A global survey of 25,431 developers finds that professional developers and the next generation of student developers are heading in different directions in terms of which programming language they prefer to learn.
Nearly three-quarters of experienced developers (73%) want to know more about the Go programming language, while 88% of student developers cited Rust as the programming language they are most focused on, according to a survey conducted by HackerEarth, an online community through which organizations can contract and manage development teams. Python, Java, and C++ are the most widely known programming languages, the survey finds.
The divergence of interest probably reflects the types of projects that experienced developers are working on next, said Alfred Alexander, vice president of marketing for HackerEarth.
Editor’s note: Curious about which programming languages are trending in 2021? Read our article: The Best Programming Languages to Learn in 2021.
In contrast, student developers are more focused on the programming language that is most likely to have the biggest impact on their ability to launch a career, added Alexander.
The most widely used platforms employed by developers to acquire new skills are YouTube and StackOverflow, noted Alexander.
The survey also finds that most developers (68%) are least happy working at large enterprises compared to a startup company. In addition to working in an environment that is less structured, Alexander noted modern startup companies have a greater appreciation for the difference software makes to the business. Developers working for enterprise IT organizations are often also required to work on legacy platforms that require them to write code using older programming languages, noted Alexander.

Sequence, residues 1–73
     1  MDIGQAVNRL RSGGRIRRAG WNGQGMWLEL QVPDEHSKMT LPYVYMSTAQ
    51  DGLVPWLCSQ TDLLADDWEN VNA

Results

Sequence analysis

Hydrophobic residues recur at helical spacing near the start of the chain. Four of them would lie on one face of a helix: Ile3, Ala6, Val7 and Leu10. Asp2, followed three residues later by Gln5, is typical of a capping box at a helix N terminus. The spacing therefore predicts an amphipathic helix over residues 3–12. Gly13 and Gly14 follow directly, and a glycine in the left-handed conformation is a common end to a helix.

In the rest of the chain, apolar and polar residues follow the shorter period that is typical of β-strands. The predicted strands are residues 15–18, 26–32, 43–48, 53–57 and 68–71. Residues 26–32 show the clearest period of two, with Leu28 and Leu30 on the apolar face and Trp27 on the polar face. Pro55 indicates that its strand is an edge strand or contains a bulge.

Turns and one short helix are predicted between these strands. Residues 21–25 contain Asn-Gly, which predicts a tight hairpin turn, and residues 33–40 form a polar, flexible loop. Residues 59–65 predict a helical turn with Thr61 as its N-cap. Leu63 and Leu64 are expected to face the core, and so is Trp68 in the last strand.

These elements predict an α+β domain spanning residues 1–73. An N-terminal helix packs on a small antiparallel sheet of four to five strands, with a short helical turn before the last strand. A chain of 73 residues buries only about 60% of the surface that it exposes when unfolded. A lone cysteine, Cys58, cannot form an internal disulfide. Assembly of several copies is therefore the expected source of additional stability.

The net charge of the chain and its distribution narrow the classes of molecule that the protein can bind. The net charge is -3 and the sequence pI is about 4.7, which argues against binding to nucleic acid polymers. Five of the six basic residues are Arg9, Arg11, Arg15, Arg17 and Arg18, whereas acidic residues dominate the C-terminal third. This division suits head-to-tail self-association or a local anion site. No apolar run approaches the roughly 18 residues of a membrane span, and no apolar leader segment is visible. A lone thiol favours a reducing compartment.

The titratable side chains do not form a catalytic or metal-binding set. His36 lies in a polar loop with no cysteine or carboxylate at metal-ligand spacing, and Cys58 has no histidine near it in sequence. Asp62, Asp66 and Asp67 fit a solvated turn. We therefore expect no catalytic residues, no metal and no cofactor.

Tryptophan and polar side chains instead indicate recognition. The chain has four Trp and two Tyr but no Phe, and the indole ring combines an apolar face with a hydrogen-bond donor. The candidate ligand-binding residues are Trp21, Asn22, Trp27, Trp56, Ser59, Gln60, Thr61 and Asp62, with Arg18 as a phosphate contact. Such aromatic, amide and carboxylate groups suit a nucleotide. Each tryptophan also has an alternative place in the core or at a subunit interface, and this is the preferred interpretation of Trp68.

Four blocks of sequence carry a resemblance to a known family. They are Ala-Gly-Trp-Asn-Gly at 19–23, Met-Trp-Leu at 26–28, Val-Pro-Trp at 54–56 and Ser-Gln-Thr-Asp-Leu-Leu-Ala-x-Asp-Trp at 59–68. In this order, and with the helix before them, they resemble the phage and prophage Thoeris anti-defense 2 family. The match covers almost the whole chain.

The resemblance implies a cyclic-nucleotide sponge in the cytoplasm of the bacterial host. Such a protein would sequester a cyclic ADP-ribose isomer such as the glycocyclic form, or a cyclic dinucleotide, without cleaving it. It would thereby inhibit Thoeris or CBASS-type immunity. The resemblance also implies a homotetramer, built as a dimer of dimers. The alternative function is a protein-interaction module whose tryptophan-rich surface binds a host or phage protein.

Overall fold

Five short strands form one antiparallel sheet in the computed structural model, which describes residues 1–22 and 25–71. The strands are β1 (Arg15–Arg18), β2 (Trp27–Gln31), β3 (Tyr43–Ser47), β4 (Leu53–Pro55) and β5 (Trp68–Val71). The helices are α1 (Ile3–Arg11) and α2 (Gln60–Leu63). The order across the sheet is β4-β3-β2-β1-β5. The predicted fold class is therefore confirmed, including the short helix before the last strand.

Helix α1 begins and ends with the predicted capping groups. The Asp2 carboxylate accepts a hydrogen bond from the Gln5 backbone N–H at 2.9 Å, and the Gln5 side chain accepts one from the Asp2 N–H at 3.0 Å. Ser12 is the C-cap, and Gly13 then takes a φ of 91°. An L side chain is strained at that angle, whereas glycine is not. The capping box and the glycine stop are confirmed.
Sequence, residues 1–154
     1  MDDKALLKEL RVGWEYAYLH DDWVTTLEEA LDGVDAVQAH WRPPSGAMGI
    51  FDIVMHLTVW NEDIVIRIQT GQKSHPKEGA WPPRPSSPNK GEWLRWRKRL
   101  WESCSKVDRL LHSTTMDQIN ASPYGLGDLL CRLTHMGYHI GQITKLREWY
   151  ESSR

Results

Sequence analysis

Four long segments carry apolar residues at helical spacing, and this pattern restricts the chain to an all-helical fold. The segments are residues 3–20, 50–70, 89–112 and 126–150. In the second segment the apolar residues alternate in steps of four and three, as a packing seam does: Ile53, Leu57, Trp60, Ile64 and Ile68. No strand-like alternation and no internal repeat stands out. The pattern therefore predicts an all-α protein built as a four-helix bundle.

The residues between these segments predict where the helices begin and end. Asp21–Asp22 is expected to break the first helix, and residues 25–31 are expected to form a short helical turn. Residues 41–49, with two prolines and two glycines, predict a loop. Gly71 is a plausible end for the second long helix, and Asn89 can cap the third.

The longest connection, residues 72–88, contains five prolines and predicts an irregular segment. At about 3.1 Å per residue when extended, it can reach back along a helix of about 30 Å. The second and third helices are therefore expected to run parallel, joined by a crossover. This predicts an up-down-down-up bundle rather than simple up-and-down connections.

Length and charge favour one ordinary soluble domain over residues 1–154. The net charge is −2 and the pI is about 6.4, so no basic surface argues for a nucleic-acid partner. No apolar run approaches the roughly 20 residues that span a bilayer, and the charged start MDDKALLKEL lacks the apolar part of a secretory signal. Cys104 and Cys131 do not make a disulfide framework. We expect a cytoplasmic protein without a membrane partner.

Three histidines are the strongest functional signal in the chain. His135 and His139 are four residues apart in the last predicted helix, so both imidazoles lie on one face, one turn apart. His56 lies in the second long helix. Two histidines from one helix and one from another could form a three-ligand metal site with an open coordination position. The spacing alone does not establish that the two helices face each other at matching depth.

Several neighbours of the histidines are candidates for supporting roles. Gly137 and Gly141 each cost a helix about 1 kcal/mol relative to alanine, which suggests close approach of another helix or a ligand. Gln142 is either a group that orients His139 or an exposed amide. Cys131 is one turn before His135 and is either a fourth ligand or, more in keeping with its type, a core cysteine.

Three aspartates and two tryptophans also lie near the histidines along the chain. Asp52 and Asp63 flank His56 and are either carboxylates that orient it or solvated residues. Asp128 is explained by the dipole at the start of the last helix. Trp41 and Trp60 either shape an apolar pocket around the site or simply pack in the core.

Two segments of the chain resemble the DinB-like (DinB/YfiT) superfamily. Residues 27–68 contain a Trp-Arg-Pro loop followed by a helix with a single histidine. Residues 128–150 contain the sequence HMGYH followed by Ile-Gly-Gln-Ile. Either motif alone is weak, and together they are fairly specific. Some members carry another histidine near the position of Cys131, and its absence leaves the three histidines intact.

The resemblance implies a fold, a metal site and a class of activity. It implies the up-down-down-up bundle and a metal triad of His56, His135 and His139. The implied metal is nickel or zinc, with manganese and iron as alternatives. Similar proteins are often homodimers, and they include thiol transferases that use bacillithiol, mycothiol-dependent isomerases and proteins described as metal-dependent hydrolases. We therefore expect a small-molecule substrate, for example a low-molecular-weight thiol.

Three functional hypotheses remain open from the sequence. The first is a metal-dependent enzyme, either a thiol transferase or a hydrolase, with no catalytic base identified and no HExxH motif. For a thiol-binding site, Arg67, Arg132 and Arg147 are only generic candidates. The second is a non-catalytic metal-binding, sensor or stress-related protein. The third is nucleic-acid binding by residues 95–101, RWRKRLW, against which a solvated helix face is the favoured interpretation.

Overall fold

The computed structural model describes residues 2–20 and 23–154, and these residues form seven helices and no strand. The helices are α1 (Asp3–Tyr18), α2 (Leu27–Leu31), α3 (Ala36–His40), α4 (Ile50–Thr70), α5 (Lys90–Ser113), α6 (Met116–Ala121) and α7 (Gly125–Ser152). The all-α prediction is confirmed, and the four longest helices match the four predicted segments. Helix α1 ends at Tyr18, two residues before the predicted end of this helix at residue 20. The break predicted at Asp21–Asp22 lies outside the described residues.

Finally, the survey also suggests that developers are starting to experience “Zoom fatigue.” Just under a quarter of respondents (22%) said too many online meetings are having an impact on their productivity. Many managers are still coming to terms with how to manage a team of developers that are largely working from home. “Too many of what were 10-minute meetings in the office have become 20 to 30 online meetings,” said Alexander.
Managers also tend to be less comfortable using tools such as Slack to check in with developers as an alternative to a video conference meeting, noted Alexander.
Organizations of all sizes have never been more dependent on software. Many of them are starting to align their business processes around the rate at which software is being developed and deployed. New capabilities are being slipstreamed into digital processes that organizations are relying on to engage not just end customers but also suppliers and partners. The challenge organizations are encountering is there are not enough professional developers available to drive all the digital business transformation initiatives that organizations want to launch.
Developers, of course, are enjoying the financial benefits of the current imbalance between supply and demand. It’s not clear to what degree low-code and nocode tools might one day increase developer productivity to the point where that imbalance is less pronounced. In the meantime, however, developers will be able to continue to define their own terms when it comes to not just how much they are paid but also the working conditions they are willing to tolerate.